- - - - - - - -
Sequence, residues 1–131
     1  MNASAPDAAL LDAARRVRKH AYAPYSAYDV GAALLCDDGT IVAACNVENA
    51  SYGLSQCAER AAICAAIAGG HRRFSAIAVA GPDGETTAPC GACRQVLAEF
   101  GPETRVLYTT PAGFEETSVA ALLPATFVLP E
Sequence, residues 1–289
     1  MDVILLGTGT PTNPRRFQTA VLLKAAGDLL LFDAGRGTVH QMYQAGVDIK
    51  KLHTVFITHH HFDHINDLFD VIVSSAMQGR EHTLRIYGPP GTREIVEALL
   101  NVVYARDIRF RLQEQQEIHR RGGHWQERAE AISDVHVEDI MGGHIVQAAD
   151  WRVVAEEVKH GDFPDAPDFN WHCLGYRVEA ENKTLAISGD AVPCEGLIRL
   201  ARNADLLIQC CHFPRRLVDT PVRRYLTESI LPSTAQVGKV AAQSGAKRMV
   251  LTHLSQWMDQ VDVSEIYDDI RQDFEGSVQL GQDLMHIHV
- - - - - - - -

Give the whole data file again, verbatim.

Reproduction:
Sequence, residues 1–131
     1  MNASAPDAAL LDAARRVRKH AYAPYSAYDV GAALLCDDGT IVAACNVENA
    51  SYGLSQCAER AAICAAIAGG HRRFSAIAVA GPDGETTAPC GACRQVLAEF
   101  GPETRVLYTT PAGFEETSVA ALLPATFVLP E
Sequence, residues 1–289
     1  MDVILLGTGT PTNPRRFQTA VLLKAAGDLL LFDAGRGTVH QMYQAGVDIK
    51  KLHTVFITHH HFDHINDLFD VIVSSAMQGR EHTLRIYGPP GTREIVEALL
   101  NVVYARDIRF RLQEQQEIHR RGGHWQERAE AISDVHVEDI MGGHIVQAAD
   151  WRVVAEEVKH GDFPDAPDFN WHCLGYRVEA ENKTLAISGD AVPCEGLIRL
   201  ARNADLLIQC CHFPRRLVDT PVRRYLTESI LPSTAQVGKV AAQSGAKRMV
   251  LTHLSQWMDQ VDVSEIYDDI RQDFEGSVQL GQDLMHIHV